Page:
Lincoln University Living Learning Center
was a collaboration process led by Kelly/Maiello and a committee consisting of Lincoln’s President, faculty, and students. The committee developed the program for a 150,000 SF dormitory/dining complex on a 16 acre site. The master plan and design for the Thurgood Marshall Living-Learning Center reaffirms the best traditions of Lincoln University, while suggesting a means to shape the future of the growing campus. The intention in designing the new facility, the university’s largest in area and most diverse programmatically was to fix the problem of the sprawling campus by spreading the building and breaking its mass into site specific building elements that help to organize, clarify and enrich the campus of which they are a part. The project received an honor award for design excellence from the Philadelphia Chapter of the American Institute of Architects.
Five organizing principles guided the design by which the Thurgood Marshall Living Learning Center transformed the campus: definition of edges, introduction of gateways, creation of framed views, establishment of the quadrangle model, and reconstitution of the landscape.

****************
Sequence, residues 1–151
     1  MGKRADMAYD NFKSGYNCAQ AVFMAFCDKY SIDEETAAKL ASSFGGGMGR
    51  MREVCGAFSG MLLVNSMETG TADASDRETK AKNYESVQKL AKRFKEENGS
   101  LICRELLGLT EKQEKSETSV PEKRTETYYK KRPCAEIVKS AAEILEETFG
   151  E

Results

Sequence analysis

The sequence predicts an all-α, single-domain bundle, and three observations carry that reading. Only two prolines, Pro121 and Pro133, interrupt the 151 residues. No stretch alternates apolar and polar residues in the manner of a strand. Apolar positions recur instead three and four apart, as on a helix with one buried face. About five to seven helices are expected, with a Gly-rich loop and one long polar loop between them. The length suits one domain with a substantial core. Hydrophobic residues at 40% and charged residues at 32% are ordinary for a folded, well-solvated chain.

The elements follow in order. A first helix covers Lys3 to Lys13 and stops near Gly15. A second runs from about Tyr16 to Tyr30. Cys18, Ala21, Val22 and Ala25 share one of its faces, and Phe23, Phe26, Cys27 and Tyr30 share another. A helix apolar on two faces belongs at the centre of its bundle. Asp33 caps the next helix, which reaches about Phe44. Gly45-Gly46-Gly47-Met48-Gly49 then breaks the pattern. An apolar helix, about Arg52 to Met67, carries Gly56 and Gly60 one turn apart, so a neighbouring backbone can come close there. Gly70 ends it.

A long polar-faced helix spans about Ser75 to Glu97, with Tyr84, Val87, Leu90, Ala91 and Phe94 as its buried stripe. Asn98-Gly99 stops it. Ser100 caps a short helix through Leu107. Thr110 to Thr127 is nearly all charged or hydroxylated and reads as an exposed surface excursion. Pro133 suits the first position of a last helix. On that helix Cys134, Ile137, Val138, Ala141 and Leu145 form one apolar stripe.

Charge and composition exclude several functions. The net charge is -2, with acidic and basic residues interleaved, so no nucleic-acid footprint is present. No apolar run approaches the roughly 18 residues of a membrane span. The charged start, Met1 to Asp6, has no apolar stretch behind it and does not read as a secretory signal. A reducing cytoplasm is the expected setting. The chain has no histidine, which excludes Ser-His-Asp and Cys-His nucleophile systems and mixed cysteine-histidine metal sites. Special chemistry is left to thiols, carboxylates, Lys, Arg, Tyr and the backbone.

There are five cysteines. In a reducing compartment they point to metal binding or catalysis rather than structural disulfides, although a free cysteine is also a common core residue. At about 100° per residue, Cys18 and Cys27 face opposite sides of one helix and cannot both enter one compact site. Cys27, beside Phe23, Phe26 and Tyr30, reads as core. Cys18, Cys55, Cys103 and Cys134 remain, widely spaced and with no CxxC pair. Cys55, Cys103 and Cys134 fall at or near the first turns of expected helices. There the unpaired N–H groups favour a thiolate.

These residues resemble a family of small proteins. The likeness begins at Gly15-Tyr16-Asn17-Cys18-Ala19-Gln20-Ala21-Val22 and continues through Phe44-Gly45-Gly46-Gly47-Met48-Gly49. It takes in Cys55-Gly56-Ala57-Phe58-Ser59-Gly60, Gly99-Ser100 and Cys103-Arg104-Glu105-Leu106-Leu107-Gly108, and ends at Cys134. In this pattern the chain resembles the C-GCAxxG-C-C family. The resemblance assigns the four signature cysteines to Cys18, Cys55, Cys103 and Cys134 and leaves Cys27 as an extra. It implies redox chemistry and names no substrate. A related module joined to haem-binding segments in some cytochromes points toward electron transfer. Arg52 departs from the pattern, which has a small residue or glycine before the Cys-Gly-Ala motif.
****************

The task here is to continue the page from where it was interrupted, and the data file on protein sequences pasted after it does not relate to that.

The Living Learning Center creates a central axis for the campus. The main visual axis is composed of a new campus green, ringed by a ceremonial drive and walkway leading to a formal forecourt and symbolic entry pavilion.
The minor axis, perpendicular to the central axis, serves as an informal entrance to the dormitory wings, and is the main pedestrian route to the complex from other dormitories on campus. The two axes intersect at an arcade which frames the main axial view to the rolling hills and open farmland to the west. The dormitory wings were sited to create quadrangles with existing dormitories and future buildings as the campus grows.
Photo credits: Halkin | Mason Photography